[Bug 8241] Named properties on window


--- Comment #10 from Cameron McCormack <cam@mcc.id.au> 2011-06-20 00:56:52 UTC ---
I was fooled earlier by the Web Console in Firefox -- it doesn't actually have
document as an own property on window.  (That's just in the Web Console's
global object. :/)  So why document is given special treatment is not apparent
to me.

Here are some tests wrt var versus assignment.


These test show using var to declare, or just assigning to, variables names
toString, open, alert, document, history and variableName, either before or
after those names become named properties (i.e. before or after <iframe>s with
those names are in the document).  They show the values and whether the
properties are configurable/enumerable/writable (except for Opera, where we
don't have Object.getOwnPropertyDescriptor yet).

So according to ES5, using var to declare a variable P at the top level should
do this:

  * If [[HasProperty]](P) returns false:
      * Call [[DefineOwnProperty]]
          (P, {value:undefined, writable:true,
               enumerable:true, configurable:false}, true).
      * Call [[Put]](P, undefined, isStrictMode).

Variable assignment is this, in non-strict mode:

  * Call [[Put]](P, value, false).

Since Window is an object with named properties, according to Web IDL at the
moment we silently treat all non-configurable property definitions and
configurable.  (That's a recent change, so nobody does that yet.  That might
also change a bit if proxies gain the ability to expose non-configurable
properties.)  So per spec there should be no difference between var declaration
and plain assignment with window as the global object.

All of the variable names we're testing with the exception of variableName
should already exist as properties from the Window object's prototype chain
(but not be own properties).

So for window-named-var-before and window-named-assign-before, what we would
expect from the specs as they stand is to have configurable/writable/enumerable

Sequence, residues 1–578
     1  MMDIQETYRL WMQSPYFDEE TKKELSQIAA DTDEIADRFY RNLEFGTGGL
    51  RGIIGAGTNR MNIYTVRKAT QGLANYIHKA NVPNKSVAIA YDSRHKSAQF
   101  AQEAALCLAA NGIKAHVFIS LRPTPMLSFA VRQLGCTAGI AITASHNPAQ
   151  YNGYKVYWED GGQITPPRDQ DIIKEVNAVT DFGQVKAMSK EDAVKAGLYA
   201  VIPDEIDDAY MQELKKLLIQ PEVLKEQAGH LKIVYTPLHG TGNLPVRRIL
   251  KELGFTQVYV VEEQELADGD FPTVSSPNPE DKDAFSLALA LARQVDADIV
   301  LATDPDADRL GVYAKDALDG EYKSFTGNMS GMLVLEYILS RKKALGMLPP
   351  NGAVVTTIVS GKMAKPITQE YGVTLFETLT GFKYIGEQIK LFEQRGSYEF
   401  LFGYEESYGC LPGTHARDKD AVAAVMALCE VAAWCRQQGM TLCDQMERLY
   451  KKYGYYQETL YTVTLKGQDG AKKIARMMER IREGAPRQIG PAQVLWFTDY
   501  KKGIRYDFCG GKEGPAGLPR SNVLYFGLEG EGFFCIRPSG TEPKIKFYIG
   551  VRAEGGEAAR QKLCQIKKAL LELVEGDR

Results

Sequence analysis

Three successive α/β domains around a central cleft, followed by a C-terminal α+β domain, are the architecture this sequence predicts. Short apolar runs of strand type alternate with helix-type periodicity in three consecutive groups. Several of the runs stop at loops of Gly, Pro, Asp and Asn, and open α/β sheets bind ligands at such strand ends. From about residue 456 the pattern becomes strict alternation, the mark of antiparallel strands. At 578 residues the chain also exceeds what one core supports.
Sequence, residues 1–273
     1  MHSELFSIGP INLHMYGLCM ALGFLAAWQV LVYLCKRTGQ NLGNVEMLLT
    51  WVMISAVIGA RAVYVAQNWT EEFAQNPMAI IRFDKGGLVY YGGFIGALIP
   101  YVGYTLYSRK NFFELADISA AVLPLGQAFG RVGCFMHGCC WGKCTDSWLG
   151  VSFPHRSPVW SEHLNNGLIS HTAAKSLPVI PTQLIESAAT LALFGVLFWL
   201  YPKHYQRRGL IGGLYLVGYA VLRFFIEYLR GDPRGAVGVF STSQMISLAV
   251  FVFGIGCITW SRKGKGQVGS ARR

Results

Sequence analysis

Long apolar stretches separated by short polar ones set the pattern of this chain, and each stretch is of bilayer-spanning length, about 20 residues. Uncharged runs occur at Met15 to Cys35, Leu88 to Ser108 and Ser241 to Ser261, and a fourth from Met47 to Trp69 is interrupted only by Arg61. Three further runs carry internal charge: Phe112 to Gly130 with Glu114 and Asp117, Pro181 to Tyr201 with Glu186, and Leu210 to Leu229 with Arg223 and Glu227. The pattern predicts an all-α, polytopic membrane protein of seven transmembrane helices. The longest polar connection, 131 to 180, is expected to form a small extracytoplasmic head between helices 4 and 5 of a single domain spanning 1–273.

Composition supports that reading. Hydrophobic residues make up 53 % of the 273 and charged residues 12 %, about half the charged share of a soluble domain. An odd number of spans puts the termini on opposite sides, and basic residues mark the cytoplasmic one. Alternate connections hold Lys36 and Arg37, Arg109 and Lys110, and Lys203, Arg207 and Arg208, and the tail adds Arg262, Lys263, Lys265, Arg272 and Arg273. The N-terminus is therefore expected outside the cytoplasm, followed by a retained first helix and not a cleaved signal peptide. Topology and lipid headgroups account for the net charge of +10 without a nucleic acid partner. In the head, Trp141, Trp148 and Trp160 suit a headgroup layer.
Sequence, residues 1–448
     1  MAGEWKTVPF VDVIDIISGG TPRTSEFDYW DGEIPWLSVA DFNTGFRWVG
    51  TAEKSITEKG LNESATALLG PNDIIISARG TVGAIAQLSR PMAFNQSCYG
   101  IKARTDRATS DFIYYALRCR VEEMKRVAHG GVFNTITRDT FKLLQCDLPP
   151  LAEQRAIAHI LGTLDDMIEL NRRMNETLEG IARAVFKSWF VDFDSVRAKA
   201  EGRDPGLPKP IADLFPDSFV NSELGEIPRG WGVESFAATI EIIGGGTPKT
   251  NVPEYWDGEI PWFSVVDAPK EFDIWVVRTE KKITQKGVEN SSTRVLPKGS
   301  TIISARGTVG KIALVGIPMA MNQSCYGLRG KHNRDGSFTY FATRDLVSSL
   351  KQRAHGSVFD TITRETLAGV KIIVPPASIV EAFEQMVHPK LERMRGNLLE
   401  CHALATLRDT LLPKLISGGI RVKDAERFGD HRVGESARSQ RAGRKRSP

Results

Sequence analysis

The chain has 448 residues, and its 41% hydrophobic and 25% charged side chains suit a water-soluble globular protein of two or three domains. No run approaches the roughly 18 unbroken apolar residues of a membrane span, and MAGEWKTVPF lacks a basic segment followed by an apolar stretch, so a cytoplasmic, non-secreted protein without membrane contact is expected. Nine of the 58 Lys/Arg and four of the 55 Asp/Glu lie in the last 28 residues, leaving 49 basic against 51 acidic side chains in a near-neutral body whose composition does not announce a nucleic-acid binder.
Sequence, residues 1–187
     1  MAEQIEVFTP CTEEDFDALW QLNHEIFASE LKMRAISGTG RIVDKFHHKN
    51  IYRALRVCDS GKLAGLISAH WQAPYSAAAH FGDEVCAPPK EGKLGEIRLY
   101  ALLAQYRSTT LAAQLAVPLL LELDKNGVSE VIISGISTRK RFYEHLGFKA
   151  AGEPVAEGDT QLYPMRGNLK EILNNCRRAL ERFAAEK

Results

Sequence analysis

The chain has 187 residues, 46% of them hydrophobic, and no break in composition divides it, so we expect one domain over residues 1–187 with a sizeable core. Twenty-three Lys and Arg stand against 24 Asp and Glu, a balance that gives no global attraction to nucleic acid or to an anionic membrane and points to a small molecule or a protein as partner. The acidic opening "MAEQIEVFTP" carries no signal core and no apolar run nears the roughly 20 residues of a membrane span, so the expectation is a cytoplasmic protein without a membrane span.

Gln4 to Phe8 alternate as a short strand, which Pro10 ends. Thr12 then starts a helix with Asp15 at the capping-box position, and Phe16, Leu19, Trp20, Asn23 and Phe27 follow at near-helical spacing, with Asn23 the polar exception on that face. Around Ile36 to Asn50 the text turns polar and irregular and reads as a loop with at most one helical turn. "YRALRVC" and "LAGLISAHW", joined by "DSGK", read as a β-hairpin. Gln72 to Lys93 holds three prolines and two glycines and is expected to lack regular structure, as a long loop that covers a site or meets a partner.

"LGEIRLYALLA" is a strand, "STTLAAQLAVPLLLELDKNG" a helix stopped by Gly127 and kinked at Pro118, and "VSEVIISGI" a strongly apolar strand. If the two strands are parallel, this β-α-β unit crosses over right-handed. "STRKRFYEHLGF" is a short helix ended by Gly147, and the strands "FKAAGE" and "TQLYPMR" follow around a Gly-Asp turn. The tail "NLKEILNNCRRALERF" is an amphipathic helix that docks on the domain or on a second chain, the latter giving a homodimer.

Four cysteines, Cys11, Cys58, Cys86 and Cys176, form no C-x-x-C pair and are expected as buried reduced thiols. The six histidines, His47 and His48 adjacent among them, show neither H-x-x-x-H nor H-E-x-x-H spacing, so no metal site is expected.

own properties on the Window object before the iframes are added, with their
values as specified.  After the iframes are added, looking up properties on
window should be no different.

This is how implementations currently differ from this:
  * Everyone creates non-configurable properties for the var declarations.
  * WebKit makes the var declared properties appear to be non-writable and
    non-enumerable.  (Seems bogus.)
  * Firefox ignores the document variable declaration and assignment.
  * Safari/Chrome don't allow document to be declared as a variable, they
    throw an exception.  history can be, though.
  * Safari appears to override [[Get]] to return the named values, rather than
    [[GetOwnProperty]] -- so you can see that `window.toString == 1` but 
    `Object.getOwnPropertyDescriptor(window, "toString").value == aWindowObj`.
  * (Chrome and Safari both have some weirdness where the value of
    window.document is the same both before and after the
    <iframe name=document> is added, but afterwards the object cannot be
  * IE doesn't let document or history variables be declared at all, it throws
    an exception.  So document and history named properties show through.
  * In window-named-assign-before, Firefox ignores the attempt to assign
    to history without a variable declaration, thus the named property shows
    through after the <iframe name=history> is added.

window-named-var-after and window-named-assign-after should per current specs
also behave the same as each other.  Each of the properties should already
exist on window: [[HasProperty]] will return true, so variable declarations are
the same as plain assignment.

  * In Firefox/Safari/Chrome, any difference between running -var-after and
    -assign-after is just in the configurability of some properties (if any).
  * Firefox still exposes document as an HTMLDocument object, so assigning to
    it has failed again.  The other properties are exposed with their new
  * Chrome behaves the same as Firefox.
  * WebKit exposes DOMWindow objects for all properties except document and
    history, just as with the -var-before/-assign-before tests.
  * IE exposes the new property values for toString, open, alert and
    variableName and the document/history objects for document and history
    in -var-after.  -assign-after is the same except that toString is exposed
    as the toString function!  Not sure why assigning to toString without a
    variable declaration should fail.

I didn't test yet what would happen if Object.defineProperty were used for each
of these property names on window.

So what is the upshot of all of this?  I'm guessing that it's important for
compatibility for document to be exposed as the HTMLDocument object always. 
Apart from that, there's a fair degree of variability.

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Received on Monday, 20 June 2011 00:56:59 UTC